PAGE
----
Britain's Truss backs powers to override financial watchdogs, says FT

·2 min read
Conservative Party hustings in Darlington

LONDON (Reuters) -Liz Truss, the front-runner to become Britain's next prime minister, would give ministers powers to override financial regulators if they hold back post-Brexit reforms, the Financial Times reported on Wednesday, after insurers urged action.

Britain's departure from the European Union allows it to write its own rules for the City of London, one of the world's biggest financial centres but now largely locked out of the EU and facing competition from Paris, Amsterdam and Frankfurt.

The government unveiled a draft law last month to reform financial rules, including easing insurers' capital rules known as Solvency II, which were inherited from the EU.

Finance minister Nadhim Zahawi left out a proposal that would allow the finance ministry to "call in" or actually override a regulator, saying he wanted more time to consider the arguments.

The FT said Truss would "definitely" press ahead with inserting the call-in power into the bill, which is now making its way through parliament and is due for final approval in 2023. Her team did not respond to a request for comment.

Insurers have said the Bank of England is being too conservative, holding back capital that could be used to invest in infrastructure. The Bank warns there is "no free lunch" as policyholders must be protected.

"As the regulator's consultation proposal stands at the minute, they would not allow us to release more capital to invest in UK infrastructure," Amanda Blanc, chief executive of insurer Aviva, told reporters on Wednesday.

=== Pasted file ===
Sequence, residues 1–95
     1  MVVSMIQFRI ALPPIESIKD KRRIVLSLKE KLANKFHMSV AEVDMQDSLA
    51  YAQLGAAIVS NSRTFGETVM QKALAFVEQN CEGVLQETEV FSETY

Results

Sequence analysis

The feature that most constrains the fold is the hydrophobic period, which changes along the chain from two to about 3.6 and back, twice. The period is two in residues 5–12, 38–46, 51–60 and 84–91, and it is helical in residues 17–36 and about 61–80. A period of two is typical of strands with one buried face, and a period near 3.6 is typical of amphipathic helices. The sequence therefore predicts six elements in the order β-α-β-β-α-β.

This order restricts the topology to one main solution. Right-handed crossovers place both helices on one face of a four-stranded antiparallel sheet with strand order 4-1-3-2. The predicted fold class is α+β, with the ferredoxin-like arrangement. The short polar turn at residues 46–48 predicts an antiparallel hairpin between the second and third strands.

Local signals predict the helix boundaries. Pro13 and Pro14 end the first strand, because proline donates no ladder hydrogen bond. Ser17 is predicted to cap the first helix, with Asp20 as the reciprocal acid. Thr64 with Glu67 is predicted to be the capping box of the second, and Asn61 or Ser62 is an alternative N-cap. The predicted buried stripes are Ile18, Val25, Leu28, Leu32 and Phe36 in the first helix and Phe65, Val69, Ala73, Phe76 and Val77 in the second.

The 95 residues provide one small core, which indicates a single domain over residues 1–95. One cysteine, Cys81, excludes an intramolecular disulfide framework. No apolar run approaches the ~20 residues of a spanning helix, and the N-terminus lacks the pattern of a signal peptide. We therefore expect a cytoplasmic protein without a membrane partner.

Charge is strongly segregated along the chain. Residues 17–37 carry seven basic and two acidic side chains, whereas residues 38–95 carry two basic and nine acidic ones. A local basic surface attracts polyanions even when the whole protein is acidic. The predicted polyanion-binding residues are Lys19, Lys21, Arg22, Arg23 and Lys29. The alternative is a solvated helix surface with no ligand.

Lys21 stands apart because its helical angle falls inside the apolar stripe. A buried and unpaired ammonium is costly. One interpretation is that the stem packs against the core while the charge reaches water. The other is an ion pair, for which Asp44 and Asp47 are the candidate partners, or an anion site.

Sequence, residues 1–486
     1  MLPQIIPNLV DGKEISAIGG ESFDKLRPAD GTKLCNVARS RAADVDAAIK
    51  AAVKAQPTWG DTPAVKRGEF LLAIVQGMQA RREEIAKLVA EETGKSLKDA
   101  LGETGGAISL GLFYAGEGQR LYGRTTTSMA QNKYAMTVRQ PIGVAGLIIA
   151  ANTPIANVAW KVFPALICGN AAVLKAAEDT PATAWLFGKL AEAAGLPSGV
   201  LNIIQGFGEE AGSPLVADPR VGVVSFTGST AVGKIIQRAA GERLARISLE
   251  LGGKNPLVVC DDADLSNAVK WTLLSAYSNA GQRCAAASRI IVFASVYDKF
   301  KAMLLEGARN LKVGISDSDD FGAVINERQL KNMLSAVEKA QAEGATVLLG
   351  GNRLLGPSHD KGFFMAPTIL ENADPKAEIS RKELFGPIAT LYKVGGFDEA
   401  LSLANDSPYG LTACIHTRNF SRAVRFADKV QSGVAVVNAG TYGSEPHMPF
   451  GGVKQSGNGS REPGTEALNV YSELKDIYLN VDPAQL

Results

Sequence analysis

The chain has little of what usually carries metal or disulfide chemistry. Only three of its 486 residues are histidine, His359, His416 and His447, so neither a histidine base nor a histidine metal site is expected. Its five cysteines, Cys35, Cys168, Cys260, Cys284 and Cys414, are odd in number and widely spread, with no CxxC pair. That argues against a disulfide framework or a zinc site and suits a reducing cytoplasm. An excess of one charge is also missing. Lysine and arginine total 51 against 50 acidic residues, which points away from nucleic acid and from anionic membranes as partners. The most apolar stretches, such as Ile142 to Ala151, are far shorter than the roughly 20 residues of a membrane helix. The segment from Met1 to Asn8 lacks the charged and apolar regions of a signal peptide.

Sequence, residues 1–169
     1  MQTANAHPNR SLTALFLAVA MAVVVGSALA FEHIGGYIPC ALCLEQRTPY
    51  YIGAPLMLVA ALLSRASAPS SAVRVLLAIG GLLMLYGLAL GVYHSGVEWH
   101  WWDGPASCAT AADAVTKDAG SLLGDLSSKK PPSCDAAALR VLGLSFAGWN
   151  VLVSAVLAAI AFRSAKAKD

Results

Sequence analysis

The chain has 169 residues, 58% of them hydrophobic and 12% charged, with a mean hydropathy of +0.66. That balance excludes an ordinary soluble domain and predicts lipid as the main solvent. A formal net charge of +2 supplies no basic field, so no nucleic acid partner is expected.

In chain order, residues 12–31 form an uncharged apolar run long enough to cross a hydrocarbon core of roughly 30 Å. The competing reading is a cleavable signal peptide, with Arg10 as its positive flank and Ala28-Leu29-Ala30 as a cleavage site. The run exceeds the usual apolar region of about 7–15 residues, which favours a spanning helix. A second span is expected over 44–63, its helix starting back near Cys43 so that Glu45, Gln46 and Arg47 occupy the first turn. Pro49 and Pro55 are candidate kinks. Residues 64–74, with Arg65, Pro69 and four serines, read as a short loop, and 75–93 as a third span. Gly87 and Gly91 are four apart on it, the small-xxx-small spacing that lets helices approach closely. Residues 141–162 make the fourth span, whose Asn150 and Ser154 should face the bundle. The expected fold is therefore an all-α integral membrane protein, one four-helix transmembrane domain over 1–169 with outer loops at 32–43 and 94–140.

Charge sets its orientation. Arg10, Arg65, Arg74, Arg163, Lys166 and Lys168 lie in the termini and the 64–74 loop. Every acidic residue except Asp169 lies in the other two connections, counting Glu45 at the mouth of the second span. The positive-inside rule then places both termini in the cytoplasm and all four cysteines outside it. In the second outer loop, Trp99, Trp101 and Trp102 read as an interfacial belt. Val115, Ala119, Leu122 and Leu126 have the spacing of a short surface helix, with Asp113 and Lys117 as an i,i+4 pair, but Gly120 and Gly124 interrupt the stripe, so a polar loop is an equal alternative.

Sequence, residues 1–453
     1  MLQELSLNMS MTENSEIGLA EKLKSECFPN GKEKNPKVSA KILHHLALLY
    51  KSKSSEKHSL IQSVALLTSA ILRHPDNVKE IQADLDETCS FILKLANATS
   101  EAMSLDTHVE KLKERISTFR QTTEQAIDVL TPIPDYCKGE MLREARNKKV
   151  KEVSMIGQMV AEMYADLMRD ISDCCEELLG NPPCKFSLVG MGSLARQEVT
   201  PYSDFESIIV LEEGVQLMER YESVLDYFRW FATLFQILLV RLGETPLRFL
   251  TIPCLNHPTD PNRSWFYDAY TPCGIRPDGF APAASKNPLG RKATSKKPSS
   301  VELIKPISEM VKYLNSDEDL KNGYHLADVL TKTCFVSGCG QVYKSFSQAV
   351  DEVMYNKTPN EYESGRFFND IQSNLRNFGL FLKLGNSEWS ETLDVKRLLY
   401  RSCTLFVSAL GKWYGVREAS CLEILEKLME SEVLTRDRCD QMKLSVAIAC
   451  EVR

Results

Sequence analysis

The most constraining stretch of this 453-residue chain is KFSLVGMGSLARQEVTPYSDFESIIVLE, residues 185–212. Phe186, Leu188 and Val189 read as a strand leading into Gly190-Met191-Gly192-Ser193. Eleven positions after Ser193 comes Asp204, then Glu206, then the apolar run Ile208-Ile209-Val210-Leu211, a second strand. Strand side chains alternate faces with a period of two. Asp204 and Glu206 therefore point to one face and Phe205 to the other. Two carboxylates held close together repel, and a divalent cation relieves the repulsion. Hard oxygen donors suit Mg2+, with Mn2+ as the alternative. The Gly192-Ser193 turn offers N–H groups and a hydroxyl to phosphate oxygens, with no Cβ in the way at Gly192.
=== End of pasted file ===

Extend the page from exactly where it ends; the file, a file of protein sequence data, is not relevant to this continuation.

The EU is also reforming insurance capital rules and is ahead of Britain, which has yet to set out final proposals.

"Yes, Europe are loosening those rules, they plan to do that next year, so it would be really good if we could get on with it," Blanc said.

BoE Governor Andrew Bailey has warned that independent regulators were central to Britain's standing as an international financial centre.

The new financial services bill already includes a new objective for regulators to maintain UK finance's international competitiveness, which some lawmakers worry will mark a return to pre-financial crisis "light touch" regulation.

Truss has also said she wanted to take a look at the BoE's mandate for containing inflation, which is forecast to hit 13% later this year as the BoE hikes interest rates.

Truss faces former finance minister Rishi Sunak in a Sept. 5 vote by the Conservative Party to choose a new prime minister.

(Reporting by Huw Jones and Carolyn Cohn; Editing by Kate Holton and Philippa Fletcher)